Dance: Leap Day

Seattle’s hub of contemporary dance gets a new home.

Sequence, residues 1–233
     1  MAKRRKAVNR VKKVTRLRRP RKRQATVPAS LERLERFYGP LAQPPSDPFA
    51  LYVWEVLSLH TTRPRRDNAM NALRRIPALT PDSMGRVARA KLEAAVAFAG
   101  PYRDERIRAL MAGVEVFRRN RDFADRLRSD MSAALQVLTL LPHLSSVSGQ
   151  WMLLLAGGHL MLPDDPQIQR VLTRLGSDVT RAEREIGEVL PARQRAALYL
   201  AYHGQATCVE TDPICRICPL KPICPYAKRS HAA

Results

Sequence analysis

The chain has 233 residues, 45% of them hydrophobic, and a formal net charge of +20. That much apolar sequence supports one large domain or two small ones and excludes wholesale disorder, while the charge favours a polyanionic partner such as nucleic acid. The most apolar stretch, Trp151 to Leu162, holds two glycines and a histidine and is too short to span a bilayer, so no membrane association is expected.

When Michelle Miller and KT Niehoff founded Velocity in 1996, they set out to make it the hub of contemporary dance in Seattle, and over the past 14 years that's essentially what it's become. Very little happens dance-wise in this town that doesn't have some connection to Velocity's classes, workshops, performances, and touring programs.So when current Velocity director Kara O'Toole got the news a couple of years ago that rents were going to triple at Oddfellows Hall, their Pine Street headquarters, after the building was sold to a developer, they were faced with a choice—raise fees or move to cheaper digs. Higher rates for classes and studio rental would have priced out artists, but finding lower-priced space seemed to require leaving gentrifying Capitol Hill. Not to mention that dancers have some pretty specific needs: a large room with high ceilings, no columns obstructing the space, and a fairly bouncy floor just for starters. It's nice if there's some natural light and a place to store the risers that turn the studio into a theater most weekends during the season.After looking at what O'Toole says was "every empty building in Seattle," from Georgetown to Interbay, Velocity lucked out and found a new place right around the corner from its old home: The former Capitol Hill Arts Center was vacant. The one problem—it needed about $750,000 in renovation work.But Velocity has raised over half that money—enough to complete the work and open the space. That Velocity was able to pull this off at a time when Pacific Northwest Ballet just announced they are cutting 10 percent of their performances next season feels like a little miracle. To make this happen, Velocity won support from a variety of parties, starting with a substantial grant from 4Culture. They also nearly tripled their donations from individuals, and snagged some new donors as well, including the M.J. Murdock Charitable Trust, which specializes in capital projects."The economic downturn actually worked to our benefit," O'Toole says. "We had a burning necessity to do a capital campaign—we had no other choice. A lot of other organizations were delaying or stretching out their campaigns. So there were fewer 'asks' out there." The soft economy also helped them negotiate a month-to-month lease with their soon-to-be-former Oddfellows landlord, which let them maintain a skeletal program while they were negotiating the move—no one else was jumping up to take over Velocity's old studio space at the new rents.After all the disruption, Velocity will have approximately the same setup as before, with a large studio that converts to a theater, two other, smaller class and rehearsal spaces, an office, and some miscellaneous cubbyholes. The floor in the studio theater is the original wood, all buffed and shining; the two smaller spaces have large, west-facing windows; and their office is in the storefront window facing 12th Avenue. They've already had inquiries from choreographers about renting the theater, and will be gradually bringing back some of their programs that have been on hiatus, such as their extremely popular summer workshop Strictly Seattle, which draws students from around the country.Velocity is celebrating with a parade this Saturday from their old Oddfellows home to their new digs, followed by a free party and then a week of free classes, plus general merriment. After all, it's only taken two years to move that two blocks.skurtz@seattleweekly.com

 
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